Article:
Google Chrome 23 was just released to the stable channel with some notable security fixes. It’s also shipping out with a vulnerable Flash Player. Chrome bundles its PPAPI Flash Player into updates, which usually means users are patched more quickly or even before official patches are out. The PPAPI Flash plugin also runs in a very restrictive sandbox, on Windows it runs at an Untrusted Integrity Level with job tokens applied to it, and on Linux it runs with the BPF Sandbox among other things.
While this typically means users are ahead of patches, in this case Google fell behind. Users shouldn’t worry too much, even if they did land on an exploit page for the vulnerability (and I don’t believe any are currently in the wild) the sandbox is very strong and they’d be protected from infection.
Google will be releasing the latest patched version shortly.
Chrome 21 hit Windows a few days ago and I’ve been meaning to write a post letting users know that they should know be running the PPAPI Flash Plugin by default (check chrome://plugins), which enables a far more restrictive sandbox.
How much stronger is this sandbox? IBM has written a wonderful whitepaper about it comparing the Firefox NPAPI Flash Sandbox, Chrome NPAPI Flash Sandbox, and the newly rolled out Chrome PPAPI Flash Sandbox.
The PPAPI Sandbox adds a number of restrictions. Here’s a few screenshots of the presentation that highlight some important areas.
As you can see the Pepper Flash is significantly more secure than the NPAPI Plugin used previously and currently. It has considerably reduced read access, write access, and registry access as well as stronger and more restrictive job tokens.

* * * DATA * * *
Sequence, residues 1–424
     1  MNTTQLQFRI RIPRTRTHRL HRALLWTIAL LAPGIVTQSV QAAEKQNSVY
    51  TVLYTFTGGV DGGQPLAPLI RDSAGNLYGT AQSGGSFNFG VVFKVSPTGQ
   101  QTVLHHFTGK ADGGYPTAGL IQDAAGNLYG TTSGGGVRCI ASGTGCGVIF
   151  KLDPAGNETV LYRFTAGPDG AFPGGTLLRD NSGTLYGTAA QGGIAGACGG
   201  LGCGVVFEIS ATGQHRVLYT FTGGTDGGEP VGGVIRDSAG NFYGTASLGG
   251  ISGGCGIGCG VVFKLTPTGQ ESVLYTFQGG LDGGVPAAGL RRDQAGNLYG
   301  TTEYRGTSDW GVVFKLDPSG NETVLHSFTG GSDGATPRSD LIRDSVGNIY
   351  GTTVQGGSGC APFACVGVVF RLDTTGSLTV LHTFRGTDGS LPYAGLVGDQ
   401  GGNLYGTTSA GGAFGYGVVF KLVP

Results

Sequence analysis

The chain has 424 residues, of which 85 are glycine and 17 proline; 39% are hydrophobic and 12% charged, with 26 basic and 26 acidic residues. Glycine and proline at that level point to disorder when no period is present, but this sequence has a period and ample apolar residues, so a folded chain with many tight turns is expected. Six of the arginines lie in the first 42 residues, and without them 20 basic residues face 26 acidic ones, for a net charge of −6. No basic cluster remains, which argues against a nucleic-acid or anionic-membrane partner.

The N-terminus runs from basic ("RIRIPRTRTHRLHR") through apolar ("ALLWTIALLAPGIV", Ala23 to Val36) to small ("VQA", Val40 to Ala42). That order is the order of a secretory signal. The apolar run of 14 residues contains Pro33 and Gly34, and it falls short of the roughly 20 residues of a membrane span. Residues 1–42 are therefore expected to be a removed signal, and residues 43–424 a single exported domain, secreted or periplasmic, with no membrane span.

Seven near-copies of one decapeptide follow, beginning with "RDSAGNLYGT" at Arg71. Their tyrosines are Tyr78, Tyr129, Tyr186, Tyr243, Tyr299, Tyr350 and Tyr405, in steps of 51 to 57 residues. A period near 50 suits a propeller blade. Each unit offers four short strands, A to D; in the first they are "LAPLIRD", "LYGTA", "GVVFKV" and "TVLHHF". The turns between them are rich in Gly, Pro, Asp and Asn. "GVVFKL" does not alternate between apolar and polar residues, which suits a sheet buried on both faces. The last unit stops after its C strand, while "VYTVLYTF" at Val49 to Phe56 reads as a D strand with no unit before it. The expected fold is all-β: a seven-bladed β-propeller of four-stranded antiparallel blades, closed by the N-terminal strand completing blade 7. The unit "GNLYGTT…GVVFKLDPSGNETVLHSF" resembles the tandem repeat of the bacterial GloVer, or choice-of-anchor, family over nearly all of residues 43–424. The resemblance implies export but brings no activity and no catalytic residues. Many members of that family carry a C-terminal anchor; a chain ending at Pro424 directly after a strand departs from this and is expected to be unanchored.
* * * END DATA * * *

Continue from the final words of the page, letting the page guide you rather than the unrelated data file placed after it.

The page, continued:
The first sandbox bypass for Chrome by Vupen used the Flash plugin because the sandbox for it was the weak link. Firefox’s sandbox has improved somewhat over the old Chrome sandbox but the latest iteration, Pepper, is much stronger than either of the two.
Flash exploits in the wild are going to drop significantly, just as they did with Adobe reader.
I was reading the scarybeast blog and he mentions that Chrome 20 now implements the seccomp filters for its Flash plugin.
That means that Flash is now running in a chroot (separate file system) and namespace and it has a whitelist of syscalls.
This is a significant improvements. The thing about sandboxing is that you can only restrict processes with lower rights ie: hardware can constrain the kernel, kernel -> admin, admin -> user, etc. So if I’m being held by an admin account and I get a kernel exploit and get escalation I’ve just made breaking out of that sandbox a whole lot simpler. Chroot happens to have multiple weaknesses when trying to hold a root user (you can compile with grsecurity to remove these) so keeping Flash from elevating privileges will help keep it in its own little chroot’d environment.
Seccomp filters directly reduces kernel attack surface, which prevents kernel exploitation. This is a really nice step forward.
Adobe Flash has long been a source for exploitation on the Windows OS so it’s nice to see it get locked down further on Linux.
Seccomp support is in the 3.5 kernel and Ubuntu 12.04.
Adobe Flash 11.3 for Firefox now runs in a sandbox! Yay. It’s not super strong, it should be virtually identical in nature to Chrome’s NPAPI sandbox, which Vupen broke out of twice. Still, this moves the cost of Flash exploitation far above what it used to be.
Chrome users will also be pleased to know that the PPAPI plugin has moved to 11.3 and it is really stable. I’m running it full time and youtube and google music run flawlessly.
So it’s a good day for security. You can expect Flash exploits in the wild to wither away because all three major browsers now sandbox it. Where will hackers go? Well… either we’ll start seeing more sophisticated attacks on the Windows system (kernel exploits, yada yada) or we’ll start seeing attacks on other plugins like… Java.
My advice… either EMET Java or uninstall it. It’s just gonna get worse for that plugin.